Mechropolis – Organic Puzzle Design || Understanding the Machine


When making Mechropolis, it was very important for us to create open-ended challenges that invite to exploration and have a natural presence in the game environment.

So what makes a challenge open ended? For Mechropolis, we defined an open-ended challenge as one that can be solved in several ways, giving the player a new experience each time the game is played.

When working with challenge design for Mechropolis, I found that the best way for me to reach this goal was to approach it from a narrative perspective. What is this thing that makes up the puzzle? How does it fit into the environment? How can I problematize it? By posing questions such as these, the parameters of the challenge can be defined. How does the player interact with the challenge? What is the win condition? How is the state of the puzzle conveyed to the player?

An example of this method at work from Mechropolis is the railway turntable puzzle at the end of our GGC-demo. Initially, another puzzle was planned, but was scrapped when we found it not working very well and lacking any narrative explanation. When we decided to redesign the challenge, we asked ourselves questions like the ones mentioned above: “Why is this thing here? What is it’s reason for existing in this world?”.

We decided that it was a turntable for moving mine carts between loading stations and continued by defining how it could be interacted with. The turntable has three arms, one of which is marked, and is able to rotate to six different positions, a lever is located in each direction. Pulling one of these levers rotates the turntable so that the marked arm is facing that direction. By transporting a cart full of crystals to a scanner device situated in one of the six directions, a door is opened and the player has overcome the challenge.


We then problemized the contraption by literally breaking it. We removed the lever at the goal direction, so that the player would need to bring the mine cart there indirectly on one of the unmarked arms. We also placed signs of broken catwalks between the loading stations and bridged two of them with wooden planks, limiting the access of the second “layer” of mutually accessible directions.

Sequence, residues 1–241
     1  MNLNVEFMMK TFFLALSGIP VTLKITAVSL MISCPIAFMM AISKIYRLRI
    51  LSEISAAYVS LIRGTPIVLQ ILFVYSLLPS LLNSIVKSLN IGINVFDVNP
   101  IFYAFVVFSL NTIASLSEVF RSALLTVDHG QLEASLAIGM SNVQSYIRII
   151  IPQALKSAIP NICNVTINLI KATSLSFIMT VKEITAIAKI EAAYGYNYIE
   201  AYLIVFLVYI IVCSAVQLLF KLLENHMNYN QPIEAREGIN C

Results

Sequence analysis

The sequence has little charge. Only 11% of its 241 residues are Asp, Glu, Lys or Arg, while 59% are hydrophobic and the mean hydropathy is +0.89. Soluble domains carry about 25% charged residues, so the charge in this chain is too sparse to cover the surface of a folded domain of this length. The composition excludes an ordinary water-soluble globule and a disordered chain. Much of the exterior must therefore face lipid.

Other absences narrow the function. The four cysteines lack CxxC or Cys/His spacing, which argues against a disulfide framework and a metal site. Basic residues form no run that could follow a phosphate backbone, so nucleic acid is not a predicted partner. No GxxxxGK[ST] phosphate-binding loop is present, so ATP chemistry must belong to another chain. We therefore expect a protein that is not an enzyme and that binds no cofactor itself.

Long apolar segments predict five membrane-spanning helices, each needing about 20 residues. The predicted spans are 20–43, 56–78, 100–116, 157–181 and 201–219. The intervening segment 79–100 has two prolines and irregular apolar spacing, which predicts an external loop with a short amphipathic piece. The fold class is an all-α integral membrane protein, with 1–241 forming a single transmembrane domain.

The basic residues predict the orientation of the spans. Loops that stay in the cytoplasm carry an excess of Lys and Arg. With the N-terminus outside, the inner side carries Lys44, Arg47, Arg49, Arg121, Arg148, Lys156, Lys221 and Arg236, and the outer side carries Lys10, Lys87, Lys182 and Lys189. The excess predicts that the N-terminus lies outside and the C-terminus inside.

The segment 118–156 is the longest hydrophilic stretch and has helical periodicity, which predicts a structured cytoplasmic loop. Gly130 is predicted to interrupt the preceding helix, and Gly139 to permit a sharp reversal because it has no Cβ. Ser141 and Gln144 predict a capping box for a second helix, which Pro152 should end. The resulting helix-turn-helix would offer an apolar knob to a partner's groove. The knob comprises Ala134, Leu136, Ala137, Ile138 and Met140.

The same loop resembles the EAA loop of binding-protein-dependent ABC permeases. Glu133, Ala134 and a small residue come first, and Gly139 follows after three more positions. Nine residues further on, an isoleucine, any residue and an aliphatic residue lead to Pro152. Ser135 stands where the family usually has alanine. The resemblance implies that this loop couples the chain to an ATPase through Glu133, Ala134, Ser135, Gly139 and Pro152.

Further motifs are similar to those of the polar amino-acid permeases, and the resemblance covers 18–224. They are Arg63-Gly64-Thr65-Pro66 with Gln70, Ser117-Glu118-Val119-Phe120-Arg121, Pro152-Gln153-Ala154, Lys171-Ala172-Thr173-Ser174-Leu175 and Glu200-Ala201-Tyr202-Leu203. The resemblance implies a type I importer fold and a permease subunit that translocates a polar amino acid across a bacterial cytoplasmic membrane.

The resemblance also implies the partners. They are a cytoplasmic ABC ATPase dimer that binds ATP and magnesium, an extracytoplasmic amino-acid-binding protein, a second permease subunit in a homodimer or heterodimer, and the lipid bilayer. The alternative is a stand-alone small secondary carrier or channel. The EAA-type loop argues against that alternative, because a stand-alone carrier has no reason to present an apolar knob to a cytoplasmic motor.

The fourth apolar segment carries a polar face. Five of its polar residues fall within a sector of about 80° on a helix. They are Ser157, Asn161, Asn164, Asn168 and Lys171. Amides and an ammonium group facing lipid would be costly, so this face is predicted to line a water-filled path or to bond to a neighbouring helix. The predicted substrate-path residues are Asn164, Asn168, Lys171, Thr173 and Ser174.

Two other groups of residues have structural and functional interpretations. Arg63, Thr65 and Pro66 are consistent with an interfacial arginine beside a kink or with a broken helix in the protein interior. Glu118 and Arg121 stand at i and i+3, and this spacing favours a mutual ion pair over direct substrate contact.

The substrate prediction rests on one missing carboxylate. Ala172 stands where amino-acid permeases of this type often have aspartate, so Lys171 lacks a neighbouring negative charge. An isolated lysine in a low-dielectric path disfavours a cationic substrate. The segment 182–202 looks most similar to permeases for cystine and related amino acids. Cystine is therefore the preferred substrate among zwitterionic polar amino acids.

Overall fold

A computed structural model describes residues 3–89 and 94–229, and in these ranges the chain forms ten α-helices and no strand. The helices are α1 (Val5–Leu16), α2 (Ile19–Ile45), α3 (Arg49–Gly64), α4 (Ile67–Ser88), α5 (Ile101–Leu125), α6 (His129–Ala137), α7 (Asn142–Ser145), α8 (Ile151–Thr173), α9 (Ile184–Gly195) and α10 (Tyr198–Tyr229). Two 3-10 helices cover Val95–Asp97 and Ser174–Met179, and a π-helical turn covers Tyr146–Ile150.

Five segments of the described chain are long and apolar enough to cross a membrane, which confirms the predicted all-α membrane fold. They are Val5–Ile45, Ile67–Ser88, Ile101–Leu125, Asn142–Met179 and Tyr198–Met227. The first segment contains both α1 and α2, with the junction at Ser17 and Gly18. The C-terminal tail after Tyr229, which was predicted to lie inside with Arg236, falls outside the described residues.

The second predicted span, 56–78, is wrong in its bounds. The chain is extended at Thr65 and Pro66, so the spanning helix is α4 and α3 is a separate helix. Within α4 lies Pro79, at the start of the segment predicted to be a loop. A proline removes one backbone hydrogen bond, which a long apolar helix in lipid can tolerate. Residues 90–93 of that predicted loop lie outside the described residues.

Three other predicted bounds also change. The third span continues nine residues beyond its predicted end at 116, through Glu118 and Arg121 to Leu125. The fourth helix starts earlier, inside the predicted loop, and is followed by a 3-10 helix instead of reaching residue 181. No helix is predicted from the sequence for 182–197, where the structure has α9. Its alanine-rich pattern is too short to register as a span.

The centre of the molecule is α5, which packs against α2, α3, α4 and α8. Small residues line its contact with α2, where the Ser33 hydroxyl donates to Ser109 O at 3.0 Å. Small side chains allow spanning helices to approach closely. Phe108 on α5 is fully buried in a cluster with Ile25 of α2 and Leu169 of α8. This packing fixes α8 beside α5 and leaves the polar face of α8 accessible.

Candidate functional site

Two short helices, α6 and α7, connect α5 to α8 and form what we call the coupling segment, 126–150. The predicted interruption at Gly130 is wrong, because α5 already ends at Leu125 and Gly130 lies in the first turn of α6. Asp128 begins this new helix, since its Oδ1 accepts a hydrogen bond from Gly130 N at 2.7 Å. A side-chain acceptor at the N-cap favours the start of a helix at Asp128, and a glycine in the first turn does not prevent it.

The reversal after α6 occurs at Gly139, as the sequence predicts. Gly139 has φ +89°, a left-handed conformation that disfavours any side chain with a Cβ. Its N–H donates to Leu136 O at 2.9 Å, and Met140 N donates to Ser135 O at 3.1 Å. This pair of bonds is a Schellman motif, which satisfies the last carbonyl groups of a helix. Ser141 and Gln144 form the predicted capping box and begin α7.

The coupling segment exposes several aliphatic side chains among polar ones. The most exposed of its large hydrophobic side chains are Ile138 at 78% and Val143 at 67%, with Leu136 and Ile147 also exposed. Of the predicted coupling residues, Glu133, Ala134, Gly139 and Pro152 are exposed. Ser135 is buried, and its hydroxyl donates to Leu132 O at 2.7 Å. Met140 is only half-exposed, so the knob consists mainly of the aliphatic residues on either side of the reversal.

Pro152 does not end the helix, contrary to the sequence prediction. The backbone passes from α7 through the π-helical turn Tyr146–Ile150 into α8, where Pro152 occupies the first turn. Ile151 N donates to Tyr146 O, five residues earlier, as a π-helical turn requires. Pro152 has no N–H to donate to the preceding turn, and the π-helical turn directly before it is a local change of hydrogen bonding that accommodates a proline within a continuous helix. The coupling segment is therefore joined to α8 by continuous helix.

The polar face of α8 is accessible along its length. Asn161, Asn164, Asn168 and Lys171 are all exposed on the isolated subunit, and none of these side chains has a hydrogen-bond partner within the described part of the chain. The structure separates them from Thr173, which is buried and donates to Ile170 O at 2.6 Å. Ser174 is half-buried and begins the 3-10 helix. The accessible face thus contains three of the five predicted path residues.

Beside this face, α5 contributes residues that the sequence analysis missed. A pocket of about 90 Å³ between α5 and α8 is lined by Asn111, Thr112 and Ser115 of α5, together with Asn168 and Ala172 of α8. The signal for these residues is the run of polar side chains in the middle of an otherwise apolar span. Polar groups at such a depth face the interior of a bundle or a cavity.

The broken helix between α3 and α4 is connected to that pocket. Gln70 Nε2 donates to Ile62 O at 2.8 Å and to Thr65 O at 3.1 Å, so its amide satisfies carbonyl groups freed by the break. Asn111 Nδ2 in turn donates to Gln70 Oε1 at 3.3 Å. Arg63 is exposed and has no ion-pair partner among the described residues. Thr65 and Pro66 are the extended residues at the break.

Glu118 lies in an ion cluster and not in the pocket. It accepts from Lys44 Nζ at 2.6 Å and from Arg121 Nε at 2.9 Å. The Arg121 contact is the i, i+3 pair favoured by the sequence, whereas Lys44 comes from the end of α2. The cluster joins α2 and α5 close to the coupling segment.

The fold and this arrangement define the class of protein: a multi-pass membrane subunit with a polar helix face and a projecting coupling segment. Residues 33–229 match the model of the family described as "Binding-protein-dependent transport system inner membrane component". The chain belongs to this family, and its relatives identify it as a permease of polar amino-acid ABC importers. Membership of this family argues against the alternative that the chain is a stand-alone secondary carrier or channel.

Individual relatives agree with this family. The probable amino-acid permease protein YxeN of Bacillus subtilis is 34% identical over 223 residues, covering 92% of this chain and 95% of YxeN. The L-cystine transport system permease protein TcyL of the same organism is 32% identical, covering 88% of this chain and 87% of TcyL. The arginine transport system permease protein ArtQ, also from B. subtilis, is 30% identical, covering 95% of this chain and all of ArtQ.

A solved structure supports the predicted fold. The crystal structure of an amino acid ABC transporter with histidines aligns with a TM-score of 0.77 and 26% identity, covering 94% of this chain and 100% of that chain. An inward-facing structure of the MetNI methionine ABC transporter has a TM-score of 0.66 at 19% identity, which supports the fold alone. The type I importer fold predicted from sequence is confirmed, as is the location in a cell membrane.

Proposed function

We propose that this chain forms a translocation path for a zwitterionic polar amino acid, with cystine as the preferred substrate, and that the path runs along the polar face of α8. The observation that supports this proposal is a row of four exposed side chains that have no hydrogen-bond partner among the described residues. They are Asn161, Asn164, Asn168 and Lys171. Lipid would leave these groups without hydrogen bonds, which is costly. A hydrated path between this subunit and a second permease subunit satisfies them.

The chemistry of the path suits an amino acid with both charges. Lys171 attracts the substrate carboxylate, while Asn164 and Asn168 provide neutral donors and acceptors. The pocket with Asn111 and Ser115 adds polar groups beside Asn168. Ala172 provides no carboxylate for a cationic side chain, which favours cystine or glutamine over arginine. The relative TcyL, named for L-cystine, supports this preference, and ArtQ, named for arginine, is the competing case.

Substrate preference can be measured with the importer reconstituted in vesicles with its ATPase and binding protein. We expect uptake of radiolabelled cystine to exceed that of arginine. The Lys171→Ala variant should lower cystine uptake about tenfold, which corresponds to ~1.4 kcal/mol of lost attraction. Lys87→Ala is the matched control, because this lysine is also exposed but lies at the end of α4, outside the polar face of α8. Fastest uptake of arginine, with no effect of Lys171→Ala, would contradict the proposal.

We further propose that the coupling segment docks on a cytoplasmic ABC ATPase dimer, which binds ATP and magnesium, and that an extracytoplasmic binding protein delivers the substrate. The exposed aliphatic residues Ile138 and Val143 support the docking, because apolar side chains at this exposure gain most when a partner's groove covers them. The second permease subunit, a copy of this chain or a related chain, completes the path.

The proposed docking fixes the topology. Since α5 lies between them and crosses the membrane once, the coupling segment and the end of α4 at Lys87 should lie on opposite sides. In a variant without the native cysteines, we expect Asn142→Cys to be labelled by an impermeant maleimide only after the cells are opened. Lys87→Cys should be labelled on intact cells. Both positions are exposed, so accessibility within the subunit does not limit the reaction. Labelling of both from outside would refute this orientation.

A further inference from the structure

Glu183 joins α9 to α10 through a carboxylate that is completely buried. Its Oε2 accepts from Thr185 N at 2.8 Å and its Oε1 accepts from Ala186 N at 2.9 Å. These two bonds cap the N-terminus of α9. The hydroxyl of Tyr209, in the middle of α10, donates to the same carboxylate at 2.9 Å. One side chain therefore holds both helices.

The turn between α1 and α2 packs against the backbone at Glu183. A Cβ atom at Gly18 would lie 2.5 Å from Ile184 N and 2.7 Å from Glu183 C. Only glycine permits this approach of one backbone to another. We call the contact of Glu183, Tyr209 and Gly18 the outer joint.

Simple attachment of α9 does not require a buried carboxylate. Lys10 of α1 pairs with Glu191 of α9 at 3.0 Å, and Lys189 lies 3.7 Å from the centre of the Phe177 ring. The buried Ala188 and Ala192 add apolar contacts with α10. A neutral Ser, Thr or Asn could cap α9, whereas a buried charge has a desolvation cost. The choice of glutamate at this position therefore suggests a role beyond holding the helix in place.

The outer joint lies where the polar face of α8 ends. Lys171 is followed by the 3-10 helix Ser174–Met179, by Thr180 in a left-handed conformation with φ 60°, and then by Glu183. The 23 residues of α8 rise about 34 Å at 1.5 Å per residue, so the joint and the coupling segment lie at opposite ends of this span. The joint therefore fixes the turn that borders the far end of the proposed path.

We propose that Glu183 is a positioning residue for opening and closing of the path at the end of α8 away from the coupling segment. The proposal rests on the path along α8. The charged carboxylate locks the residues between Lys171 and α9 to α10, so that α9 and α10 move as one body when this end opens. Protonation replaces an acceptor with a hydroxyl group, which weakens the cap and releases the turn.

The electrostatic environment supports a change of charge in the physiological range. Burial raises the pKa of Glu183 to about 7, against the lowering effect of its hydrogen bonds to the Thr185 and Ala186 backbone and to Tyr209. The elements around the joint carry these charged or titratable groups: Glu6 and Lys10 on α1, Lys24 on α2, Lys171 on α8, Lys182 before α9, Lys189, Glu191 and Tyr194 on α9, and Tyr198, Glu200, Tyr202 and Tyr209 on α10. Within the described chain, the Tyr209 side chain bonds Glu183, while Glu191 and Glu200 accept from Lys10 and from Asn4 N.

In a purely technical sense, the puzzle is very simple and can be solved by rotating the turntable only twice. But the challenge does not lie in performing the correct moves, but in understanding the machine. When the player is first introduced to the turntable, she has no idea of how it works and how to control it. By experimentation, she is able to teach herself how to operate it, giving her the prerequisite knowledge needed to find a solution.

The optimal solution to the turntable puzzle. The red dots indicate what lever was pulled.

The optimal solution to the turntable puzzle, requiring only two rotations of the turntable. The red dots indicate which lever was pulled.

When designing puzzles, it’s easy to fall into a trap where you construct a problem with a given solution and then spend lots of time and effort to make sure that this intended solution is the only one, constantly adding limitations to remove simpler solutions that you might have overlooked. This leads to very single-tracked challenges where the solution is often obvious and carrying it out becomes a chore rather than a eureka moment.

Instead, start by creating a bunch of intertwined mechanisms in the game environment and then move on to problematize the system that emerges, without working toward just a single solution, but welcoming unintended solutions as contributors to the challenge’s depth. In this way, you’ll likely create a challenge that each player is free to explore and overcome in their own way and pace and that, even if the win condition may be the same, give every player their own experience.

A personal favourite for me that I think does this kind of explorative puzzle design very well is the Myst series’ Riven, an old school point and click game in which players find themselves among a collection of eerily quiet islands. All puzzles in the game are closely intertwined with it’s narrative and exploring them is equivalent to exploring the culture of the islands’ inhabitants.

I can’t recommend Riven enough. It’s available on Steam and the App Store. If you’ve already played it, take a look at this excellent blind let’s play by crimault to experience it again as if for the first time.

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